Claremont Insider: Get me rewrite!

Tuesday, February 27, 2007

Get me rewrite!

Our last note regarding Elderkin's handling of her conflict of interest on the PVPA land contained an observation that instead of getting a free consultation from the city attorney (using public resources for electioneering--a no, no), Elderkin had several other options to choose from. We pointed out that Elderkin really should have either consulted the Fair Political Practicies Commission hotline (a toll-free call) or hired her own attorney to get an opinion.

It occurred to us that during the anti-McHenry Preserve Claremont campaign of January 2005, McHenry was forced to hire a private attorney to defend her at a cost of several thousands of dollars. The charges stemmed from then-City Manager Southard's claim that McHenry had created a hostile work environment. Southard's allegations were never made public, and when it appeared that an actual investigation by an independent judge might ensue, Southard suddenly dropped the matter, and the council didn't pursue an investigation. Southard's and Preserve Claremont's bluff was called. In any event, McHenry did not have the luxury that Elderkin had to go to the city attorney for a consult. Double standard? You betcha.

A couple interesting sidenotes to the last link. First, the article quotes former councilmember Al Leiga as saying that McHenry micromanages and that the council-city manager relationship should be like that of a private company's board of directors to its CEO: the board sets policy, the CEO implements it. What Leiga ignored was the fact that in Claremont, the council had become so acquiescent and unanimous in its unquestioning support of Southard that it was really more like the Enron board of directors or the Tyco board of directors. Nearly every decision was 5-0, and no one questioned Southard's and his staff's assumptions. That was what led to things like the city's 1994 investment of over $5 million in the failed Orange County Investment Pool, or the infamous roundabout at Indian Hill Blvd. and Bonita Ave.

The Orange County investment is an example of Southardism in action. As the above link showed, it took six years and a great deal of litigation for the city to eventually recoup 100% of its investment, plus attorney fees. Southard trumpeted this as a great victory but failed to point out that the city lost out on whatever interest the city might have gained over six years if that same $5.3 million if it had been invested in a safer vehicle, bonds say. Instead of working for us, the money was held up in legal limbo.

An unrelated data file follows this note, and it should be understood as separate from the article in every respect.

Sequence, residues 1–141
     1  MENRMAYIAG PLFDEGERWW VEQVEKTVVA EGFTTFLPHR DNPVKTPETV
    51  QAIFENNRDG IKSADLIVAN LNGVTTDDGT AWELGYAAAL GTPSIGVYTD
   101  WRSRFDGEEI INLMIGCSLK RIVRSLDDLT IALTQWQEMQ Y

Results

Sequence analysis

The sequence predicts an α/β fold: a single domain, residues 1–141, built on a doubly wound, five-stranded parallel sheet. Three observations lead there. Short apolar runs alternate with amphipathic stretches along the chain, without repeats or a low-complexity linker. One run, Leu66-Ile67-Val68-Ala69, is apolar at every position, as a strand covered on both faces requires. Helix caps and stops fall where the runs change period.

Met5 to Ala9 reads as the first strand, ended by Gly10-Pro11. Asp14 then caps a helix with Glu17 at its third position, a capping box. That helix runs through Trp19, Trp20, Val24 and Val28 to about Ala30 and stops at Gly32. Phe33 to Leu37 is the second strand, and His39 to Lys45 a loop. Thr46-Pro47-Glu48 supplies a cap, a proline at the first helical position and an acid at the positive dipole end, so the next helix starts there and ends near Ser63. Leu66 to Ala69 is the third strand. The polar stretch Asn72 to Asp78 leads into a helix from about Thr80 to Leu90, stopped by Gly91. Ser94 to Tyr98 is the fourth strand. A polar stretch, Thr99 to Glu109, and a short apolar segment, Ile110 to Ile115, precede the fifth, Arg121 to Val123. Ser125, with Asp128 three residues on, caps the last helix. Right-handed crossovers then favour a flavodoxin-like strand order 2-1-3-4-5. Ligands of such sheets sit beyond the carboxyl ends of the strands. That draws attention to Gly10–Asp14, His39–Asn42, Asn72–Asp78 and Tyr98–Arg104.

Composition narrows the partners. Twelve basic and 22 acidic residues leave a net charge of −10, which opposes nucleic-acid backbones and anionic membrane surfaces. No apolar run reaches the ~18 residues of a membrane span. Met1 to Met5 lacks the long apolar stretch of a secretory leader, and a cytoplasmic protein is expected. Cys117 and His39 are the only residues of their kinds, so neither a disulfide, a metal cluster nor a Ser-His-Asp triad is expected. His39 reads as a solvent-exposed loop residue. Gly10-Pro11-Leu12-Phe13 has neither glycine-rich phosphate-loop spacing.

The other aspect of this that is revealing is the Southardian revision of history. This happened after every crisis Southard created. It is happening again with Preserve Claremont. Rather than owning up to their actions in 2005, the same people are behind the Pedroza and Elderkin campaigns, and McHenry is remade into the cause of that crisis rather than the victim of it. Chicken Creek may be long gone from Claremont, but the River Lethe flows strong through the heart of town. Drink, Claremonsters, and forget....


The other ironic thing about the 2005 TSL article on Preserve Claremont is that Pedroza, who ran and lost in that election, seemed to be both defending McHenry and endorsing her value to the community:

"When you have someone calling the shots for 17 years, they get complacent,” explained Pedroza of Southard. “Jackie has brought an important element to the council when she forced the city to cross its t’s and dot its i’s. Did the city need to? Yeah, maybe in some cases.”
Sam, Sam, how soon we forget.


A voter writes:

I went to one of Sam Pedroza's 'Meet and Greet', because I wanted to get to know the guy better. I was somewhat appealed to his environmental credentials. But his introduction about his life story was given in a way that people almost fell asleep. Not much charisma there. Also what bothered me a lot more, is how much he talked about where and for whom he worked, but literally nothing about what he accomplished. And to me that is a bad sign for a future city council member. His answers to most of the questions were very general, almost to the point that he tried to figure out what people want to hear. Based on this impression I am not sure I can vote for him, because it seems he will be one of these 'bureaucrats', who will sift to paper after paper without ever coming to a decision.